King Crimson 7-1-74

It is indeed a shame that I can’t seem to write about the music I love lately without mentioning a sad loss. This post is no exception. We lost John Wetton early this year and it seems that many of the prog rock pioneers are, sadly, leaving us.

By ’74 I had been to many a rock concert since first seeing Yes in 1971 and this was my second time seeing Bill Bruford. When I saw Yes last he had been replaced with Alan White. I would see him again filling in for Phil Collins with Genesis. I had been a fan of Crimson since 1969’s In The Court of the Crimson King. I first heard it on WNEW FM and was thrilled when my middle sister bought it straight away. My oldest sister hated 21st Century Schizoid Man and was relieved when I Talk to the Wind came on. I had a friend who disliked his neighbor and put his speakers in the window facing said neighbor’s house and blasted Schizoid on ten.

This concert was part of the excellent Schaefer Music Festival concerts in Central Park, Manhattan. What could be better than concerts sponsored by a beer company that cost next to nothing and gave you the ambiance of Central Park?

We arrived very early so we could set up close to the stage and the sound system. My friend Frank brought his Nakamichi 550 portable cassette recorder to record the show. This was a high-end professional level tape recorder with three microphone inputs, Dolby B noise reduction and two 45 dB range peak meters. It’s high dynamic range and low distortion made reel to reel decks obsolete. It weighed almost twelve pounds and cost the equivalent of about $3200.00 in today’s money. Yet, its leather case and strap made it indistinguishable from a man purse. Perfect for taping concerts.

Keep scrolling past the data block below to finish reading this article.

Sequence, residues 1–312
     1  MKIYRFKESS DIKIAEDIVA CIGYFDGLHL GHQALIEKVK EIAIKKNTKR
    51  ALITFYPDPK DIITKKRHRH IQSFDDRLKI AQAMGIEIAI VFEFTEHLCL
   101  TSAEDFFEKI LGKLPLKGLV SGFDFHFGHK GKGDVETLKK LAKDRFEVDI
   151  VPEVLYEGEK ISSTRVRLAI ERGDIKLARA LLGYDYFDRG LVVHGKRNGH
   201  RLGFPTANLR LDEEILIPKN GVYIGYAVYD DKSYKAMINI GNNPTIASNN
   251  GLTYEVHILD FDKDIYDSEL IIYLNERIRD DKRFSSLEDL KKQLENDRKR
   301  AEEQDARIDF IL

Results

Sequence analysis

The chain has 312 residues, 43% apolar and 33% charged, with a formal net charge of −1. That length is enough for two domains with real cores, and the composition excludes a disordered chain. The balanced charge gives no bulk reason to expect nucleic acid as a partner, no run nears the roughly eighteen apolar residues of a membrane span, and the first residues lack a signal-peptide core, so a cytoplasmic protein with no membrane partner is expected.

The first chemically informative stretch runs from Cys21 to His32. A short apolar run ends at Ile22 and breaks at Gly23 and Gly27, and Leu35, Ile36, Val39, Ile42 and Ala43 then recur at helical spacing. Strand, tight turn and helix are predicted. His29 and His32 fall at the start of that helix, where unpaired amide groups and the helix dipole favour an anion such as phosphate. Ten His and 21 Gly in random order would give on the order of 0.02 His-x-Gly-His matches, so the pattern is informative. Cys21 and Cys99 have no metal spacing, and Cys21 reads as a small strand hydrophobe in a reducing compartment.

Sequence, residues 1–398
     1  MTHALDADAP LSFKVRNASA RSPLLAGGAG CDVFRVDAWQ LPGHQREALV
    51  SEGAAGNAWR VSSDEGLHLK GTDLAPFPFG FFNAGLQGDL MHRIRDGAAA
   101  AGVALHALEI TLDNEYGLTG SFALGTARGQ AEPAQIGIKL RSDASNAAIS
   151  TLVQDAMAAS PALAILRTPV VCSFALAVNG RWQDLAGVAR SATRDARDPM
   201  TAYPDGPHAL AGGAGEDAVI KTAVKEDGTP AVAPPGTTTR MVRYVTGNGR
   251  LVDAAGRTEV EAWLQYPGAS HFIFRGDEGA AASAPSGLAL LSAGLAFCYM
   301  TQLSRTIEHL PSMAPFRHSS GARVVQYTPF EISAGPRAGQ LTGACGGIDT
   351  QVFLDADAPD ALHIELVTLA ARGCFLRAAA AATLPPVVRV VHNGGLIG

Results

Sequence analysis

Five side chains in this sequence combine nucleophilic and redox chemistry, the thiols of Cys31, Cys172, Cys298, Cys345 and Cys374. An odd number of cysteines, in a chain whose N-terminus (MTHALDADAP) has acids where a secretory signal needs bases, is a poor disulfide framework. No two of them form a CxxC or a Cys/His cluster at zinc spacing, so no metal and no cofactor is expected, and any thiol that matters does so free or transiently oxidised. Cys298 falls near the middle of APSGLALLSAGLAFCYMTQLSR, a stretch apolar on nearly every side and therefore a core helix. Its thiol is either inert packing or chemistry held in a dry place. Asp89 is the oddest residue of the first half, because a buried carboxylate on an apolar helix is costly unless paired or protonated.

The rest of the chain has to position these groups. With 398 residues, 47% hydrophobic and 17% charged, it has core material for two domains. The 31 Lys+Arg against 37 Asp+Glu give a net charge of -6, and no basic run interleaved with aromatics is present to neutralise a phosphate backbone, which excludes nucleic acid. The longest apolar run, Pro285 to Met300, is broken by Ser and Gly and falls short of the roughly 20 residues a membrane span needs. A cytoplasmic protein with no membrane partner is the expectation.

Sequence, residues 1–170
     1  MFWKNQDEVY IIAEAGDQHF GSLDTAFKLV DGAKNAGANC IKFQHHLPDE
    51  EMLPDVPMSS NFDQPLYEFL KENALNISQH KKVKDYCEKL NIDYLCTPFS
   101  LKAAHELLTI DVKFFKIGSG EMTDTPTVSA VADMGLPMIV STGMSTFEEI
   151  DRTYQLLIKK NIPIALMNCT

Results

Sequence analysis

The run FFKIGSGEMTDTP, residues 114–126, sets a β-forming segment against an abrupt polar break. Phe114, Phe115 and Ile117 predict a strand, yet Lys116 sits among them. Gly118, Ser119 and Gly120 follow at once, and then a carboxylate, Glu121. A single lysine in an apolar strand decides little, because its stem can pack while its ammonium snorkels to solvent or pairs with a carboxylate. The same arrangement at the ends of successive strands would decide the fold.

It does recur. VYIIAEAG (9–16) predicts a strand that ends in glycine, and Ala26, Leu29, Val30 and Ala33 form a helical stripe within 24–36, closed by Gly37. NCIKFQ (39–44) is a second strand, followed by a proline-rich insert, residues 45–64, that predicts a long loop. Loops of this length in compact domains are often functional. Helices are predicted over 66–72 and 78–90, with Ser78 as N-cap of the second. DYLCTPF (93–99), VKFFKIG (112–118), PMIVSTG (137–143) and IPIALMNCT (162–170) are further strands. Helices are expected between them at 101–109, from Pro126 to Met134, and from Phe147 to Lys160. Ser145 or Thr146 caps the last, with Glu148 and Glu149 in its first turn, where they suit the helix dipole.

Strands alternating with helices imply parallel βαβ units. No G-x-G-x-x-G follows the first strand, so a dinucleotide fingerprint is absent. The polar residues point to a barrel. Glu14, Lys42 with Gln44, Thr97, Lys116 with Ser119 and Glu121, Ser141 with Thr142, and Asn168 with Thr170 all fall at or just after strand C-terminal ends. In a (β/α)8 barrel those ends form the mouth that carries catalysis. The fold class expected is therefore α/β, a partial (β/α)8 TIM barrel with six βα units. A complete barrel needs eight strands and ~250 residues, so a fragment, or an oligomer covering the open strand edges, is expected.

The first sounds we heard were Frippertronics. It was Fripp and Eno’s No Pussyfooting being played through the sound system. The band soon emerged, as I recall dressed mostly in white, Bruford wearing his signature overalls and David Cross played a white mellotron, except for Robert Fripp who was dressed in black with his jet black Gibson Les Paul with the three Humbucker pickups and a black mellotron. The opening song was Twenty First Century Schizoid Man. I was floored, sitting very close to the amps, the power of the song was incredible. I remember John Wetton’s performance as being impassioned. After schizoid he eased into Lament which then proceeded to also explode. You can check it out here:

Here is the setlist:

1 Walk On… No Pussyfooting (2:11)
2 21st Century Schizoid Man (7:58)
3 Lament (4:49)
4 Exiles (7:53)
5 Improv: Cerberus (8:27)
6 Easy Money (6:26)
7 Fracture (11:20)
8 Starless (12:31)
9 The Talking Drum (5:30)
10 Larks’ Tongues In Aspic: Part 2 (6:55)

When the concert was over I felt like I had witnessed something historic, important. I guess I had. This was the last concert for this particular lineup of King Crimson and the last by the band until 1981. This was my favorite incarnation of the group outside of the original 1969 Crimson.

When I first heard the King Crimson Collectors’ Club recording of this concert released in April 2000 I thought I was listening to Frank’s tape. You can hear crowd chatter that would not be present in a soundboard recording. Could it be? In the remastered edition released as part of the box set “The Road to Red” the liner notes say this:

“The recording of the final concert from Central Park on July 1st is of unknown provenance. It seems too well-balanced to be the usual illicit cassette player smuggled into the venue, and yet the presence of chatter during one of the pieces shows that neither is it a properly mixed recording. Possibly it is a bootleg recorded on a pair of microphones over the stage. The audience links jump around (as does one section of Fracture), but in its way, it is possibly the closest to the actual sound of a venue. It is significant in that it captures the last live performance of this line-up.”

I don’t remember seeing any microphones “over the stage”. So, maybe this is a low-gen copy of my friends tape. I can’t say for sure, but, it sure brings back memories.

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